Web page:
“The History of Rock ‘n’ Roll in Ten Songs” is a terrific achievement and even if you don’t agree with Marcus’s selections, I guarantee he’ll make you a true believer.  If you need further convincing, you absolutely need to check out the audio version narrated by Henry Rollins.  Rollins is an extraordinary orator and the way he conveys Marcus’s words shows a profound respect for Marcus and his thoughts. Easily one of the five best audio versions of a non-fiction book … and that includes Robert Evans reciting “The Kid Stays in the Picture.”

At the link below is a lengthy interview Rollins did with Marcus about the book that’s worth hearing:

http://www.rollingstone.com/music/news/hear-henry-rollins-fascinating-chat-with-greil-marcus-about-ten-songs-20150126

“Inside Out” (2015) dir. Pete Docter / Ronnie del Carmen

Just saw Pixar’s “Inside Out” … In a word: brilliant … Smart without being smart-alecky, funny without being pandering, sad without being maudlin, poignant without being cloying.  While it’s a film that safe for kids and that kids will enjoy, it is NOT a kids movie.  One of the best and most complex examinations I’ve ever seen in a film context about emotions, psychology, dreams, and growing up.  Incredibly deep and moving.  It’s a movie that will seriously make you reconsider your life.  The best Pixar movie ever made.  Yes, I said it.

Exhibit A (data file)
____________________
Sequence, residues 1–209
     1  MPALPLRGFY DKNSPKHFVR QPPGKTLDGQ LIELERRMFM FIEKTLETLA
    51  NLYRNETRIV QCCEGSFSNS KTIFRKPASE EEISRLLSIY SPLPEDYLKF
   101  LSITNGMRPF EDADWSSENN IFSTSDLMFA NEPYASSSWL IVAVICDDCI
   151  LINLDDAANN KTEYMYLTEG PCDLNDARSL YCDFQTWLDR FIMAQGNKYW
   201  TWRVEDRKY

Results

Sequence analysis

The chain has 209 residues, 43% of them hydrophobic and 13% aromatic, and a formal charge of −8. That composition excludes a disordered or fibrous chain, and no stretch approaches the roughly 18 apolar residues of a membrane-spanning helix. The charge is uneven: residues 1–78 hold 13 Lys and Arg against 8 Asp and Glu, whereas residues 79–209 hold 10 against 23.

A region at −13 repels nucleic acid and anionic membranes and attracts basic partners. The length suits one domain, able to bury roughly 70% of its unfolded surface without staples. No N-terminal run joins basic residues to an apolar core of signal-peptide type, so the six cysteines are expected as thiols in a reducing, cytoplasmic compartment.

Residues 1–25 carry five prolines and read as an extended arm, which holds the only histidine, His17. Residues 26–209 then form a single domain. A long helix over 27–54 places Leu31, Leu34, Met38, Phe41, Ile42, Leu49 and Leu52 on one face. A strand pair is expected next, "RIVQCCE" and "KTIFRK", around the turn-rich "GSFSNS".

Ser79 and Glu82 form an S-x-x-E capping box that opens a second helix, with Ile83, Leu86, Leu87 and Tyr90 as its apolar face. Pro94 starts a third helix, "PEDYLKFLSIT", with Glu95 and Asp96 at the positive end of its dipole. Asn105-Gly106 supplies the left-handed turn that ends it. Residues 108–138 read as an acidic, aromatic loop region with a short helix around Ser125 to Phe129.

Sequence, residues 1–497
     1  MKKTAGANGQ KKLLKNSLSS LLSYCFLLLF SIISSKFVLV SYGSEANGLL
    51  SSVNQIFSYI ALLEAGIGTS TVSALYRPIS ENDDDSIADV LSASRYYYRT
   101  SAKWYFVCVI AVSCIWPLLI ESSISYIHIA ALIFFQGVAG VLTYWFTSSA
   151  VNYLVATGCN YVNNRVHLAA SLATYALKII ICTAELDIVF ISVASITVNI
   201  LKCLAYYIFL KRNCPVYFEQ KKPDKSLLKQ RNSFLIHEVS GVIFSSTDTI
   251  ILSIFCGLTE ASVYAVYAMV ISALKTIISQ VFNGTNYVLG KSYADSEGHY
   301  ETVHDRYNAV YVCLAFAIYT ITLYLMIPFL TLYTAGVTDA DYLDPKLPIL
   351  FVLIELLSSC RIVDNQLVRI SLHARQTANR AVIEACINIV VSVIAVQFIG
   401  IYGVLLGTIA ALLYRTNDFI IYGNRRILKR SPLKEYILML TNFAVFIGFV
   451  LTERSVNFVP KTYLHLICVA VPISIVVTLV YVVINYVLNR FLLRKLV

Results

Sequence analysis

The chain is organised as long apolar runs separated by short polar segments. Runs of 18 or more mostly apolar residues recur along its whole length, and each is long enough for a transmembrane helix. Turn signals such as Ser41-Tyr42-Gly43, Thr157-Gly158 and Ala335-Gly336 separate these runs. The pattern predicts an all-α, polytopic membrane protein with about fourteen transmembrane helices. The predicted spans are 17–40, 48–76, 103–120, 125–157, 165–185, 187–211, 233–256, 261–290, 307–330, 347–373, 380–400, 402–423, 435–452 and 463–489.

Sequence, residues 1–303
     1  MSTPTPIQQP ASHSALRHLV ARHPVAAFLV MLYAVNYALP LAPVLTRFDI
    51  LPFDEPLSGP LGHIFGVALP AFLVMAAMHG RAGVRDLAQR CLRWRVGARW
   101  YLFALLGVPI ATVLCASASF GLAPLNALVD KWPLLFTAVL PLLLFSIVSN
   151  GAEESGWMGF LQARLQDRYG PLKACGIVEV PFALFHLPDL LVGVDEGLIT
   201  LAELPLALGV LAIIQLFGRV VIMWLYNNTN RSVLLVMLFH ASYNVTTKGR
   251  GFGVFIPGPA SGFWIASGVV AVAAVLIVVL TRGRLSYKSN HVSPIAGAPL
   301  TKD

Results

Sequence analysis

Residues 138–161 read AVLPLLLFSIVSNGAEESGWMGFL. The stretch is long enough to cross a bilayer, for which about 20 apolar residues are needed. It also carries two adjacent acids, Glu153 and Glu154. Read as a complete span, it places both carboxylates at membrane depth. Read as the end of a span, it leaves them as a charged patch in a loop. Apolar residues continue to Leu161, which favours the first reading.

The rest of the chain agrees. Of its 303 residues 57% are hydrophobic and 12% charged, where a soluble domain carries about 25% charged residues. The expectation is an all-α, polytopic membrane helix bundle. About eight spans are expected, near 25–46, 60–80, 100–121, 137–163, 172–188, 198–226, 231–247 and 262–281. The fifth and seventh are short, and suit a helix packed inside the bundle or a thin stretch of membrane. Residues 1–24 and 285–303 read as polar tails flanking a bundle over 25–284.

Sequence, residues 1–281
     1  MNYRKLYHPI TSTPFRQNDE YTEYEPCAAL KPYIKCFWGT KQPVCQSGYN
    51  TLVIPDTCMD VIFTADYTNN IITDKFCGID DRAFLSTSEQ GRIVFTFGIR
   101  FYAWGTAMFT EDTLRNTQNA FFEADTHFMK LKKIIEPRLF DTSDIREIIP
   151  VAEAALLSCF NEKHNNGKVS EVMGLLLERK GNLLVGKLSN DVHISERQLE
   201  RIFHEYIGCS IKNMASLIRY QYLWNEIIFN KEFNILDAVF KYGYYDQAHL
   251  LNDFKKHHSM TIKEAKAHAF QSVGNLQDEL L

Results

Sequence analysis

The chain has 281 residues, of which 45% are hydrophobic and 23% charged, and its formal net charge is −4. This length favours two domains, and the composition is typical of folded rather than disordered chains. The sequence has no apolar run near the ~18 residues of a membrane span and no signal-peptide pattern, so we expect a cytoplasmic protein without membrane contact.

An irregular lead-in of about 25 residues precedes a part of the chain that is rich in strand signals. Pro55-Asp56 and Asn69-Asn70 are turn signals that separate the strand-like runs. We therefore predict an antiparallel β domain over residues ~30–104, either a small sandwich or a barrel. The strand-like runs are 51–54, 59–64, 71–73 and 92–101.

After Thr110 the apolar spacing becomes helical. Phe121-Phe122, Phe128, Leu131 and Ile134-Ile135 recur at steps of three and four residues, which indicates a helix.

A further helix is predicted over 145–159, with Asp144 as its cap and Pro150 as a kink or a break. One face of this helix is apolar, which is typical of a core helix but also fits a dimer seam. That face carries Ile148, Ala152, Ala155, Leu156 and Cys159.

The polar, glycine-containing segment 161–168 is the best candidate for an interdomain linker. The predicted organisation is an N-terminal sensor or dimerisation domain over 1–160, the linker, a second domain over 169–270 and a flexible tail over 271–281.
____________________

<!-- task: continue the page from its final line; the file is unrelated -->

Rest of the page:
“One of Us” (2015) by Local H

My favorite song of the year so far.  Local H singer/guitarist Scott Lucas wrote “One of Us” while he was on his way to a wake for a friend. As Lucas told the Onion AV Club last April “It’s a funeral song, but I didn’t want it to be morose. I wanted it to be unsentimental and kind of triumphant, and above all else, unapologetic. Anything less would’ve felt like lying.”  This is an amazing, powerful song, the best highlight of many highlights from their terrific album “Hey, Killer.”

“Radio Radio” – Elvis Costello with the Beastie Boys (from the SNL 25th Anniversary Show, circa 2000)

Before you watch this clip, here’s some background …

Elvis Costello made his US debut on “Saturday Night Live” (SNL) in early 1978.  He was supposed to perform “Less Than Zero,” a song about racism in England and Costello got through about 15 seconds of the song before he abruptly cut it and launched into “Radio Radio,” an extremely critical song about the increasing control of media by corporations.

Cut to 22 years later … SNL is broadcasting a 25-year tribute show.  The Beastie Boys perform their hit “Sabotage” when Costello runs on stage and … well … I think you can figure out where it goes from there …  a clever way to pay tribute to one of SNL’s most notorious moments and a terrific performance of one of Costello’s best songs with help from one of the most innovative rock / rap groups of all-time.

Even nearly 40 years later, the lyrics still bite:

“Some of my friends sit around every evening and they worry about the times ahead.
But everybody else is overwhelmed by indifference and the promise of an early bed.
You either shut up or get cut up, they don’t wanna hear about it.
It’s only inches on the reel-to-reel.
And the radio is in the hands of such a lot of fools tryin’ to anesthetize the way that you feel.”